John Graves: The soft-spoken master of Texas literature
W.K. Stratton, president of the Texas Institute of Letters, shares his thoughts on Texas writer John Graves, who died July 31 at his home near Glen Rose.
Graves' most famous work was "Goodbye to a River," a story of a canoe trip down the Brazos River in 1957. He took the journey because plans to dam up much of the river gave him an urgency to experience the Brazos that he had loved so well for so long.
Only three of the 13 proposed dams were built. But Graves' masterful narrative - a powerful and elegant journey through the natural and social history of the region - ensured him a place among 20th-century Texas writers.
Stratton, himself a writer of historical nonfiction, spoke with KETR about Graves' work and his legacy.
Here are two representative passages from "Goodbye to a River," selected by KERA's Jerome Weeks:
If a man couldn’t escape what he came from, we would most of us still be peasants in Old World hovels. But, if, having escaped or not, he wants in some way to know himself, define himself, and tries to do it without taking into account the thing he came from, he is writing without any ink in his pen. The provincial who cultivates only his roots is in peril, potato-like, of becoming more root than plant. The man who cuts his roots away and denies that they were ever connected with him withers into half a man.
Of all the passers-through, the species that means most to me, even more than geese and cranes, is the upland plover, the drab plump grassland bird that used to remind my gentle hunting uncle of the way things once had been, as it still reminds me. It flies from the far Northern prairies to the pampas of Argentina and then back again in spring, a miracle of navigation and a tremendous journey for six or eight ounces of flesh and feathers and entrails and hollow bones, fueled with bug meat. I see them sometimes in our pastures, standing still or dashing after prey in the grass, but mainly I know their presence through the mournful yet eager quavering whistles they cast down from the night sky in passing, and it makes me think of what the whistling must have been like when the American plains were virgin and their plover came through in millions. To grow up among tradition-minded people leads one often into backward yearnings and regrets, unprofitable feelings of which I was granted my share in youth-not having been born in time to get killed fighting Yankees, for one, or not having ridden up the cattle trails. But the only such regret that has strongly endured is not to have known the land when when it was whole and sprawling and rich and fresh, and the plover that whet one’s edge every spring and every fall. In recent decades it has become customary- and right, I guess, and easy enough with hindsight- to damn the ancestral frame of mind that ravaged the world so fully and so soon. What I myself seem to damn mainly, though, is just not having seen it. Without any virtuous hindsight, I would likely have helped in the ravaging as did even most of those who loved it best. But God, to have viewed it entire, the soul and guts of what we had and gone forever now, except in books and such poignant remnants as small swift birds that journey to and from the distant Argentine and call at night in the sky.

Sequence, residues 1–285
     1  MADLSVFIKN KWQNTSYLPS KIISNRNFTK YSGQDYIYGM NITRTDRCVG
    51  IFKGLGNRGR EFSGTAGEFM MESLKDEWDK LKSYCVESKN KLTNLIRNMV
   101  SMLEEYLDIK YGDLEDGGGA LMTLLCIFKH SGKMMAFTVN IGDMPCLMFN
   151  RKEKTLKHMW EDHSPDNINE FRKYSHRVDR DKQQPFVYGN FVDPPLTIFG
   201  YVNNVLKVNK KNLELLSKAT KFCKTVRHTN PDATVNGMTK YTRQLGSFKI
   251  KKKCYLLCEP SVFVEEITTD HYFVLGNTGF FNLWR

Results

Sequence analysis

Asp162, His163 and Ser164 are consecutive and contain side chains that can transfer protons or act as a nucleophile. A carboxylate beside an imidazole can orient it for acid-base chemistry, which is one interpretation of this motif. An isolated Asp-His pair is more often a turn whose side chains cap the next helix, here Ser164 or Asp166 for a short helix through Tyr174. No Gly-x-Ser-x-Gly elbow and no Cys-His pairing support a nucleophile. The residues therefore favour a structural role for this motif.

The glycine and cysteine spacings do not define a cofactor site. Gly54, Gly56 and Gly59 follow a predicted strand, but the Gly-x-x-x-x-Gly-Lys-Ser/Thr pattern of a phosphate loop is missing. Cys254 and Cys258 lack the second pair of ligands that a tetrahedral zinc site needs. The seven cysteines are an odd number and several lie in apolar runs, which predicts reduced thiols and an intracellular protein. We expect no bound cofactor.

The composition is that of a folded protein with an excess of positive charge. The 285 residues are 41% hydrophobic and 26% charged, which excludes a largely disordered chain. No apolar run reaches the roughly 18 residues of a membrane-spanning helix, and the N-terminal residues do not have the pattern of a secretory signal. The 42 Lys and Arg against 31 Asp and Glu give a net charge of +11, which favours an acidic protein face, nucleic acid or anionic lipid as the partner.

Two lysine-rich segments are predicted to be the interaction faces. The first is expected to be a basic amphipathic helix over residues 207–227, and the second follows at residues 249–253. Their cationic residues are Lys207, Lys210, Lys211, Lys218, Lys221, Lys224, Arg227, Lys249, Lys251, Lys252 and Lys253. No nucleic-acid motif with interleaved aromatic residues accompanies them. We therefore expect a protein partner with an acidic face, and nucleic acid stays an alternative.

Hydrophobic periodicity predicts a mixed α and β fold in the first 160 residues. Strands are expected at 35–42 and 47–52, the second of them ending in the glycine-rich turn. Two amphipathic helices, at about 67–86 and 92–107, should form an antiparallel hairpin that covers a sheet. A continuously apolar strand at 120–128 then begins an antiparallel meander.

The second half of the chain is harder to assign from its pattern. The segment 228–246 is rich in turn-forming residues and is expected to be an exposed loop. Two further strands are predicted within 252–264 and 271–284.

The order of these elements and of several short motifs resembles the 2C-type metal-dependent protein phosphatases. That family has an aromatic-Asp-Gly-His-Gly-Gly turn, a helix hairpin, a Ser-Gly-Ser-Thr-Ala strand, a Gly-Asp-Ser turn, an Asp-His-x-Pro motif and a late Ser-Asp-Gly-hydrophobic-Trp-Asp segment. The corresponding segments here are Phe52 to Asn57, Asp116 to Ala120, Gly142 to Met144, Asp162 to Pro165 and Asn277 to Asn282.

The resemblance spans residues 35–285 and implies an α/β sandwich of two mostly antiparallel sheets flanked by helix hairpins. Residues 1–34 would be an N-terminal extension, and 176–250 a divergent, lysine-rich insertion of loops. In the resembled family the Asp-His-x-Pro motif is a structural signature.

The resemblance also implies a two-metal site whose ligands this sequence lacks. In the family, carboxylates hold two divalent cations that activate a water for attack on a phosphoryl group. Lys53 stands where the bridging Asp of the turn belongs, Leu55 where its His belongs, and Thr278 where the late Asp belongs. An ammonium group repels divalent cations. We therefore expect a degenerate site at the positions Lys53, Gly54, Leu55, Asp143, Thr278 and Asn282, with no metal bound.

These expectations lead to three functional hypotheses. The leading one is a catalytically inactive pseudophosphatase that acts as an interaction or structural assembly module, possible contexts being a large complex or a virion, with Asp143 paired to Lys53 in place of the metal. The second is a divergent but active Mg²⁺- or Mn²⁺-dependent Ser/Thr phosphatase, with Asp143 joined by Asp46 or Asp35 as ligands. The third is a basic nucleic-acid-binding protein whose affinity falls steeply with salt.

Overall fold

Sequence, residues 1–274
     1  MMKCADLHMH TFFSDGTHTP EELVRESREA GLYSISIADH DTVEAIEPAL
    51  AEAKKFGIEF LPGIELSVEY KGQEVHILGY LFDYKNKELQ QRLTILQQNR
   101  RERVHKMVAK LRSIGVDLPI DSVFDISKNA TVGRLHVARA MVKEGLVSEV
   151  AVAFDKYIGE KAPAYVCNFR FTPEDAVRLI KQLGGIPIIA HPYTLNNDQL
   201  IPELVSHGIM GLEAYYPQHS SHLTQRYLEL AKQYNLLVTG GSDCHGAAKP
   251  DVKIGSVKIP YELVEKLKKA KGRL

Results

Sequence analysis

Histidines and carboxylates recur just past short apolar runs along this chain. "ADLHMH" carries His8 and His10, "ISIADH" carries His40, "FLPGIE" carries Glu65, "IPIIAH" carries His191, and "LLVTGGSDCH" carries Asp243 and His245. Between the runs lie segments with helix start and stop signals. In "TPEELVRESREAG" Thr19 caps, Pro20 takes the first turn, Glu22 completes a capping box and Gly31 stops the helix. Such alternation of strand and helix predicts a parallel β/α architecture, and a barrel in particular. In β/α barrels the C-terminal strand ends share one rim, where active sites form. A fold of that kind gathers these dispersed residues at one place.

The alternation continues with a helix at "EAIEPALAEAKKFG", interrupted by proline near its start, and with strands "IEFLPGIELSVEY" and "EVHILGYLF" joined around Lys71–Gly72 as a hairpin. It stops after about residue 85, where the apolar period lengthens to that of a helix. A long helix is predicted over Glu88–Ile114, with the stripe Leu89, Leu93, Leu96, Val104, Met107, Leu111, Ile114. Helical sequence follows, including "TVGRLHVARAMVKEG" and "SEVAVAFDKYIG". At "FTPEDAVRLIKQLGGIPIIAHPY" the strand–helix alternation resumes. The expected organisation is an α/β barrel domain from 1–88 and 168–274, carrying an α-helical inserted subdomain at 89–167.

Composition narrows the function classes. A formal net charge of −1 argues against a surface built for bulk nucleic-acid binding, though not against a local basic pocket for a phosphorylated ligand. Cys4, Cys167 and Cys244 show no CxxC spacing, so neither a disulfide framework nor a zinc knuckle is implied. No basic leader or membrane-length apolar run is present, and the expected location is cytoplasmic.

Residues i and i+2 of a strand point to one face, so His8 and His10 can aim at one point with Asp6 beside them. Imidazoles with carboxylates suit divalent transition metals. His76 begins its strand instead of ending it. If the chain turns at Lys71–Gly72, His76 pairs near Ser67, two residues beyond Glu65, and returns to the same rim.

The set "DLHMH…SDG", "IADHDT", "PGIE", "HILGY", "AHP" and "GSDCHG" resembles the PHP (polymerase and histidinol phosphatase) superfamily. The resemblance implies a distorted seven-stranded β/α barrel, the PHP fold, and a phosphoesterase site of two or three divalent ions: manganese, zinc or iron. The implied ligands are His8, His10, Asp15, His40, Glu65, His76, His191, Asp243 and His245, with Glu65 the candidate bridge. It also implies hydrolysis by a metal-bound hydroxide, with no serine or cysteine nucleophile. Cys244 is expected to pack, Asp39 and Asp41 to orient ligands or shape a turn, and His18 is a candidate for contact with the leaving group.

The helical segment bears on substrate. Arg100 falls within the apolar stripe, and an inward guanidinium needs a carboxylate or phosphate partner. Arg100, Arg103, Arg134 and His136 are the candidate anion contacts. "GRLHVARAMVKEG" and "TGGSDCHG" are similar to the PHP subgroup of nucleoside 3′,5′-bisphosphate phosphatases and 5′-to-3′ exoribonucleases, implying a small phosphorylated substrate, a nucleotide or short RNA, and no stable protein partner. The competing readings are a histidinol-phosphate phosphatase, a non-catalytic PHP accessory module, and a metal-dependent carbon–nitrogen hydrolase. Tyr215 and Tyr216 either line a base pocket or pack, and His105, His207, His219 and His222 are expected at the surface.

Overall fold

Finally, here's a 12-year-old video clip of an interview with Graves by KERA's Rob Tranchin: